Paul Fenn

The Jeanneau 64, Love at First Sight – Part 1

Corsica
Corsica is a rugged and an amazingly beautiful island. Although not part of the original plan, I’ll end up spending 10 days here sailing aboard the new Jeanneau 64

We landed on the French island of Corsica at 10:30 at night. Located about 200 miles south of the French mainland and just west of Italy, Corsica is one of those quintessential Mediterranean Islands that rises up out of the sea like a rough-cut diamond. Lonely planet describes Corsica as “an island designed for beach lovers, culture buffs, hikers, and divers. It combines vast stretches of shoreline with the beauty of the mountains, plenty of activities for your body and some rich history to engage your mind.” I along with my two associates, Valerie Toomey and Jeff Jorgensen, have come for a different purpose, to see, sail and help launch the Jeanneau 64, the new flagship of the Jeanneau range.

I had seen the 64 while under construction back in December. And, while my friend and colleague Erik Stromberg, did his usual great job walking me through the boat and describing what the finished product would eventually look like, artist renderings and imagination can only get you so far. Now it was time for seeing and believing.

Jeanneau 64 at night
The Jeanneau 64 sits stern to in downtown Porto-Vecchio. While it may not be the largest yacht in town, it’s impressive none the less.

By the time we arrived at our hotel it was late. But we had no sooner gotten out of the car and headed to check in when out on the water under a bright canopy of stars, came the Jeanneau 64 gliding by in all its brilliance headed for the marina. My first thought was “where is she coming from and why is she out so late?” My second thought was, “wow, this boat looks awesome.” The 64 sports a triple spreader rig and this specific boat (hull #1) has the optional double headstay with a 110% genoa on the outer stay and a smaller, self-tacking jib on the inner stay. The combination of the white painted mast, triple spreaders and double headstay, immediately left me with the impression that the 64 was much more than just a big boat, it was a true yacht.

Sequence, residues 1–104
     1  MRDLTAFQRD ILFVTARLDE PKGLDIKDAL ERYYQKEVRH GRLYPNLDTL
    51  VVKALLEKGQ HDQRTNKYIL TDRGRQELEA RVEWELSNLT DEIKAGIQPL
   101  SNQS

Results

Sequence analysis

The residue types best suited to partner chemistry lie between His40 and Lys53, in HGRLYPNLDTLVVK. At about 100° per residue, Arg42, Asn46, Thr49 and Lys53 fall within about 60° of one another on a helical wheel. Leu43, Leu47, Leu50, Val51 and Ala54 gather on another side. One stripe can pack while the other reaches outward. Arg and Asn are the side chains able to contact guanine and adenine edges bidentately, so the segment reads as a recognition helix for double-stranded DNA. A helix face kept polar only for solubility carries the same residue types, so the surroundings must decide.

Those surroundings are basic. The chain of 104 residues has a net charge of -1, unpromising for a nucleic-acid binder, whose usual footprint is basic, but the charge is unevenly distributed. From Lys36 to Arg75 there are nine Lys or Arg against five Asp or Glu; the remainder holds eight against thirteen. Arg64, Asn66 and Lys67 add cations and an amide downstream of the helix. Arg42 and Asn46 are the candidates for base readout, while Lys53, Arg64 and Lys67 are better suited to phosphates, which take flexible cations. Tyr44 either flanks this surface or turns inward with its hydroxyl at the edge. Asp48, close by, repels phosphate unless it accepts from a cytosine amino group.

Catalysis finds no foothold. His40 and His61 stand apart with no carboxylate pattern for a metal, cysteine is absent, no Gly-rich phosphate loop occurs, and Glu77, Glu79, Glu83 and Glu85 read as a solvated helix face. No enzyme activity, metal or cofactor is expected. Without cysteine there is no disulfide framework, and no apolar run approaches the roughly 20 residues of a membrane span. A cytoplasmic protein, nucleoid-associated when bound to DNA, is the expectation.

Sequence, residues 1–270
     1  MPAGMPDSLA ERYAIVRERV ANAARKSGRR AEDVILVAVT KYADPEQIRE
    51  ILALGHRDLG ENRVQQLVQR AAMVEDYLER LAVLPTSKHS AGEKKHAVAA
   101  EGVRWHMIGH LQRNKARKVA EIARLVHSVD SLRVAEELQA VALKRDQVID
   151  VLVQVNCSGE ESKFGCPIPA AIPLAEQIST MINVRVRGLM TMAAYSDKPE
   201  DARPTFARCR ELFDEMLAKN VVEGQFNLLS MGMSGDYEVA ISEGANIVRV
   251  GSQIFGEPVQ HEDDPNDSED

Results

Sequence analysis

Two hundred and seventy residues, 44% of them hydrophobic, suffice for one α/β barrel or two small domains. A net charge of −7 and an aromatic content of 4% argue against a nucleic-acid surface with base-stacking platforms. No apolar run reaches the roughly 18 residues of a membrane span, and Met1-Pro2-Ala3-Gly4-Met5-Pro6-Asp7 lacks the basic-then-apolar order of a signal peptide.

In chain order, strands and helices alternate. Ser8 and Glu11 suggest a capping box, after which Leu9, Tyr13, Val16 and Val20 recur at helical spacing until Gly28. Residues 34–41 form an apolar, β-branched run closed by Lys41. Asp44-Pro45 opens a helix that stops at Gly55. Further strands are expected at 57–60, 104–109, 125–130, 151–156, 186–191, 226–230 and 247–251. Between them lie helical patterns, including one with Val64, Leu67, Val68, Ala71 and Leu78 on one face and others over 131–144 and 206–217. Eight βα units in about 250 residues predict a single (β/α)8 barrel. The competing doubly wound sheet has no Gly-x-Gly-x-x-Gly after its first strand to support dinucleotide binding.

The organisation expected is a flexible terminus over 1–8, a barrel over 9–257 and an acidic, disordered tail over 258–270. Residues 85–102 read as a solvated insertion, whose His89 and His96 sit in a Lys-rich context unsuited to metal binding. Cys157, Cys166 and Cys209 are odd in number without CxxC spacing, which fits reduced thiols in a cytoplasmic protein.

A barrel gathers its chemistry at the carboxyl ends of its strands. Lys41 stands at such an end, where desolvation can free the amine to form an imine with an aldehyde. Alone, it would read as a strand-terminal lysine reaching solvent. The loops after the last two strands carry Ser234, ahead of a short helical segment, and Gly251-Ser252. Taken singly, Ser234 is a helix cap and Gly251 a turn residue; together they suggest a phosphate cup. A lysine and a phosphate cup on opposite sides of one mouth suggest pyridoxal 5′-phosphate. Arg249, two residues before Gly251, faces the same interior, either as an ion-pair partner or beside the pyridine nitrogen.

Since the marina was just a few steps from the hotel, Valerie, Jeff and I quickly dropped our bags and made a bee-line for the boat. I was excited to find on board a bunch of my friends from Jeanneau including Erik Stromberg who I have worked with now for 15 or 16 years. Erik welcomed us on board and handed each of us a glass of red wine. We all made our way below and stood for a while in the main salon. “Well, what do you think” said Erik. My initial response was “don’t rush me, I’m taking it all in.” And I was, this was a lot of boat. Huge master cabin aft, two guest cabins forward, a fourth cabin to starboard with upper and lower berths, beautifully appointed galley to port, and a main salon that screamed “come on in, sit down and enjoy yourself… all of you!”